More than half of Americans live paycheck to paycheck — even the rich are feeling the heat of continued inflation

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“They are all. It’s all of us: More than half of Americans live paycheck to paycheck — even the rich are feeling the heat of continued inflation

Pushing yourself to save can be a challenge, but more and more consumers are calculating their monthly expenses only to find they have nothing to save anyway.

A recent study shows that 58% of Americans report living paycheck to paycheck in May, up from 54% the same month last year. Of those earning $50,000 to $100,000, about 62% were stuck in this cycle.

But it’s not just low-income groups struggling to pay the bills, according to the report compiled by payments and commerce platform PYMNTS and personal loan website LendingClub.

Surprising even the researchers, 30% of people with incomes of $250,000 or more lived paycheck to paycheck as well.

Anuj Nayar, head of financial health at LendingClub, told PYMNTS’ Matt Nesto that this was “a real eye-opener.”

“A year ago, when [people] they heard the term paycheck to paycheck, they thought it’s low income, it’s subprime, all these people maybe in the lower income realm. Basically no. They are all. It is all of us,” says Nayar.

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Wages are rising — and so are prices

There have been many reports of wage increases over the past year. However, they have not kept up with the costs.

Nearly half of all paycheck-to-paycheck consumers say their paycheck only covers basic expenses, while some higher earners say paying for a family member’s expenses has proven to be a major factor in financial hardship.

This means there is little left over at the end of the month for discretionary spending or savings.

And what’s left over is also being eaten up by record-setting inflation. The Bureau of Labor Statistics’ Consumer Price Index shows that inflation came in at 9.1% for the month of June.

Home food is up over 12% for the year, while natural gas is up nearly 60%.

And although July’s 8.5% inflation was lower than June’s 9.1, a month of movement in the right direction isn’t enough to stop pushing, Federal Reserve Chairman Jerome Powell said. He added that it is not time to press “pause” or “stop” on inflation measures.

In July, the Fed raised the federal funds rate by 75 basis points to 2.25-2.5%, the second increase in as many meetings.

If Powell’s brief speech at the end of July is anything to go by, an increase is likely to come in September, which could push the rate above 3%.

COVID has encouraged bad spending habits

While low-income people are bearing the brunt of the impact, some middle- to high-income earners are also struggling.

“I think COVID kind of skewed everything financially,” says Rod Meloni, business editor at Local 4 News in Detroit and a certified financial planner.

Many consumers who were still employed during the pandemic were able to use the time to cut back on some of their usual expenses. For example, remote workers saved a lot on gas, work travel and meals out.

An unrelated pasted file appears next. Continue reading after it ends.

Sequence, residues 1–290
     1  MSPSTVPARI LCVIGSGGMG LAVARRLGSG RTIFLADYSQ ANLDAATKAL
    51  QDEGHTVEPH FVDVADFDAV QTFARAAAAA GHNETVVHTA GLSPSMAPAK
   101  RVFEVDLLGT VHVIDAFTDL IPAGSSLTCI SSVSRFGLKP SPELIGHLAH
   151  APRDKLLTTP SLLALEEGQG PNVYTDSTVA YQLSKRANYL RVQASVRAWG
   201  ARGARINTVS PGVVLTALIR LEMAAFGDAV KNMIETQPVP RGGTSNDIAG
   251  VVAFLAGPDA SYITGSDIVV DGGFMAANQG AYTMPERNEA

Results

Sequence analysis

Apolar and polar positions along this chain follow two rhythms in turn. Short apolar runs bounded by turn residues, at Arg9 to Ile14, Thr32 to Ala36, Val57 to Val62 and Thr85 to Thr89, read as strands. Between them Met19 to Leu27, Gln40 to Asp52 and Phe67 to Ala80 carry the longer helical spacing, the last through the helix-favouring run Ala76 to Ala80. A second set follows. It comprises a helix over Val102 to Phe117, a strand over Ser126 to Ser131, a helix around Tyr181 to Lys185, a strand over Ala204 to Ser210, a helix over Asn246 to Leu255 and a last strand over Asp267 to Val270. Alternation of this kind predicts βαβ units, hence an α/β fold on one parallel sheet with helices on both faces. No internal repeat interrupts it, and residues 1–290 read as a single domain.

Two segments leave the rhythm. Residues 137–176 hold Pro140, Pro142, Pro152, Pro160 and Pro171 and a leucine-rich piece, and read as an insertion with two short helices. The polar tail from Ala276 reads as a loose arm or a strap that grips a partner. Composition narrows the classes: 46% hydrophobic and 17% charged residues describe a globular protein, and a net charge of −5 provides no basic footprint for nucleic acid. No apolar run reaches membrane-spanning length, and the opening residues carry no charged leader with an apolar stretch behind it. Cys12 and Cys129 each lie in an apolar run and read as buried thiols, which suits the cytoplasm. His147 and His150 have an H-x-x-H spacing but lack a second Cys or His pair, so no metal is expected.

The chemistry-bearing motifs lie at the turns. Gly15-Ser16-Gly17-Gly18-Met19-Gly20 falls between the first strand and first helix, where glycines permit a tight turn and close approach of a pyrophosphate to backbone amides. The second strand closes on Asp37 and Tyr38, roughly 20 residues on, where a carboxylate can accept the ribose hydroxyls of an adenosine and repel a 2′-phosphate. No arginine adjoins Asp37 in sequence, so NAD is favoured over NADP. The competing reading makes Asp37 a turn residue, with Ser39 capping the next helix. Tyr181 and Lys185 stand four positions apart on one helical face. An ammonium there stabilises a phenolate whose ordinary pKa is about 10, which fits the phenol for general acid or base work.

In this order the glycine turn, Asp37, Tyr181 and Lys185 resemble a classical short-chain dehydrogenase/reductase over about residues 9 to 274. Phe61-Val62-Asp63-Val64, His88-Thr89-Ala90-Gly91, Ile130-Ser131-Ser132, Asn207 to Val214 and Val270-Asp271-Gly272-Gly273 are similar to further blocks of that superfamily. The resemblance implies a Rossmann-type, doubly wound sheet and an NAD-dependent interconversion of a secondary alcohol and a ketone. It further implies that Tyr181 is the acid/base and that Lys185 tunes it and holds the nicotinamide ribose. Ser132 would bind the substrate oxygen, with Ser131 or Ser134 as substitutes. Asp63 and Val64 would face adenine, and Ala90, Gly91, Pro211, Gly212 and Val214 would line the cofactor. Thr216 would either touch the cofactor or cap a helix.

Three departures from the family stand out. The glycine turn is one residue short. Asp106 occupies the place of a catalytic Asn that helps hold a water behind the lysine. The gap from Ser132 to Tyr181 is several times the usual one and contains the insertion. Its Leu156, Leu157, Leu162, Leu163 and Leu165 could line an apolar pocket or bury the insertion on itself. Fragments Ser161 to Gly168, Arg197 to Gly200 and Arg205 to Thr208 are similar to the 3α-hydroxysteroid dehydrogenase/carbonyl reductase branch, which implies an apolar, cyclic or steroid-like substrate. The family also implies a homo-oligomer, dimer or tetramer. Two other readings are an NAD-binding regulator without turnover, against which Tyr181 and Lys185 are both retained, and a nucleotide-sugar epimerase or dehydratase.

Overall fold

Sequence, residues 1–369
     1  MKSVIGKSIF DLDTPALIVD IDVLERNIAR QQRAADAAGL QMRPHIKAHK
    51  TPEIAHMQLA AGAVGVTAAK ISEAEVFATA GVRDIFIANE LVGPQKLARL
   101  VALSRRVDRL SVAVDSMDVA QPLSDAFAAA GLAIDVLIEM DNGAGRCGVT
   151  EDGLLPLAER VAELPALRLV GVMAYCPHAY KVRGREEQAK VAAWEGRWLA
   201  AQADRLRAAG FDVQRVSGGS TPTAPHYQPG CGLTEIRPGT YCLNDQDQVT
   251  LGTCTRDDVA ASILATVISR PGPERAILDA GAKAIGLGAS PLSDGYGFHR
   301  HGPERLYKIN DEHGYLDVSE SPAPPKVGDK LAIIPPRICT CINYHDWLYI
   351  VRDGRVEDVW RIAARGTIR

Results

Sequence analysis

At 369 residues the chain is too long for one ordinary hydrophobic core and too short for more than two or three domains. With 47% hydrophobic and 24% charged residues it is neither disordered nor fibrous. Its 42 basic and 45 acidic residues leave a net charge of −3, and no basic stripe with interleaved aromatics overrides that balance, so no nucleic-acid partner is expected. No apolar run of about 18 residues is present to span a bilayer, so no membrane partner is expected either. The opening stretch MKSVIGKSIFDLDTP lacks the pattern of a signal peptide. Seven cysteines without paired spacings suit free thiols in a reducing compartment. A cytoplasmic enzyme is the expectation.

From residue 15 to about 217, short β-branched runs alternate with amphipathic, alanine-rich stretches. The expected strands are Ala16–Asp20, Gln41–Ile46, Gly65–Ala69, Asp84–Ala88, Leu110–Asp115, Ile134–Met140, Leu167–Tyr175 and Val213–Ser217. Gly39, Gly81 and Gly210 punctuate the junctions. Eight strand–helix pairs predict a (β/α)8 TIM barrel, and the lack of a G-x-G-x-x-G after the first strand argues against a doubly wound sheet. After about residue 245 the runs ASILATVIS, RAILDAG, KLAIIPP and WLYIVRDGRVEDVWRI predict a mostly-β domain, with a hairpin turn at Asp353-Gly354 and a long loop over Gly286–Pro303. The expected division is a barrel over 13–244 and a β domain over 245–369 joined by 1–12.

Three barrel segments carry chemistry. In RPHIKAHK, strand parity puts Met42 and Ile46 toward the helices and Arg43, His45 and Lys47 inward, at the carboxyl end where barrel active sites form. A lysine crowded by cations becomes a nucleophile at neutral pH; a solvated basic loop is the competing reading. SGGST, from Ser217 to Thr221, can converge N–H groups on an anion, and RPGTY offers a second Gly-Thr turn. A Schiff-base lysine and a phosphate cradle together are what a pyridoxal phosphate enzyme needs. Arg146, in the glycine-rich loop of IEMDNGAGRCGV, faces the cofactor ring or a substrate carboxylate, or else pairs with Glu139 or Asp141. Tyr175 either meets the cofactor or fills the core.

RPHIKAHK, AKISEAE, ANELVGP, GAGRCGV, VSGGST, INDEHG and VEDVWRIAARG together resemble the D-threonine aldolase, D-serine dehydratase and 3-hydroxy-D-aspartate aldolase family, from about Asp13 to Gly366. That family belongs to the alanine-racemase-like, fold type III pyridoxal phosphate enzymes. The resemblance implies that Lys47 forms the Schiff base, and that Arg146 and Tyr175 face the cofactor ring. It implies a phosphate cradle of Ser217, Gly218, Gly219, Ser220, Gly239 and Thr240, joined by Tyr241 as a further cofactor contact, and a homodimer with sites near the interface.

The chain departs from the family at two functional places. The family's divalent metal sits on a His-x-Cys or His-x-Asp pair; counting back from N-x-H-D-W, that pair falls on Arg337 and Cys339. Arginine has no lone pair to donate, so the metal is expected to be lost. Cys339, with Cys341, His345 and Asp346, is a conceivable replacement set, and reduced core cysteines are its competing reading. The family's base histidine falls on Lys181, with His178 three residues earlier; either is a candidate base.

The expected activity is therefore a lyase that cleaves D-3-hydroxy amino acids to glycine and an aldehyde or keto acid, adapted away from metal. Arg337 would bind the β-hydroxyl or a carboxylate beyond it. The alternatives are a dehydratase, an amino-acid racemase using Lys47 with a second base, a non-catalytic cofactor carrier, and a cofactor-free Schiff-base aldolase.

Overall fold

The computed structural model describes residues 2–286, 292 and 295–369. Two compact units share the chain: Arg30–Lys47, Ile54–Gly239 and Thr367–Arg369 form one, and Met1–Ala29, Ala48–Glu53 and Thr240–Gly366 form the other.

But, Meloni counters, that doesn’t mean they put all that cash into savings. Many took this as an opportunity to spend on other things.

As the PYMNT study shows, people’s savings have taken a hit in the last year as well. For those struggling to meet their monthly bills, their average savings dropped from $4,065 in May 2021 to $2,464 in May 2022.

And the end of restrictions and lockdowns this year has also encouraged people to spend hard to make up for lost time, prompting an increase in spending on travel, dining out and other activities.

“I think we’ve gotten out of the habit of … being intentional about what we’re going to buy,” Meloni explains.

“And then when inflation goes up and gas prices go up and groceries go up in unexpected ways — all of a sudden now, you’re left with no discretionary spending because you haven’t planned for it.”

The matter becomes even more pressing

For the portion of paycheck-to-paycheck consumers whose paychecks comfortably cover basic expenses, Meloni believes part of the issue may be a lack of financial education — some people see overspending as the limit.

“I don’t think it’s anyone’s fault, necessarily. We just have to get through [financial literacy] on. And one of the biggest problems is that I think a lot of parents don’t know that.”

He suggests people write down how much they spend each month and compare that number to how much money they’ve brought in. One of the best pieces of advice Meloni ever received was to set aside 20% of your income as savings.

And for those who make more than enough to cover their bills, it’s time to think longer term.

“I think the idea that you have unlimited discretionary spending needs to be dispelled,” says Meloni. “I call it the hamster wheel … because the faster you spin the wheel, the farther you go.”

Getting off the hamster wheel takes some planning. One of the best tools to help you break the pay-to-pay cycle is simple: budgeting.

Budgeting for three to six months of expenses is key to preparing for emergencies like an unexpected job loss, Meloni says.

And there’s no better time than ever to take it up, with talk of a recession on the horizon.

“I think we all have to start preparing for what’s coming … it’s definitely going to be tough,” says Meloni.

“And the only way to weather that storm is to take control, figure out what you have, what you need, and then come up with a battle plan to deal with it.”

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This article provides information only and should not be construed as advice. Provided without warranty of any kind.

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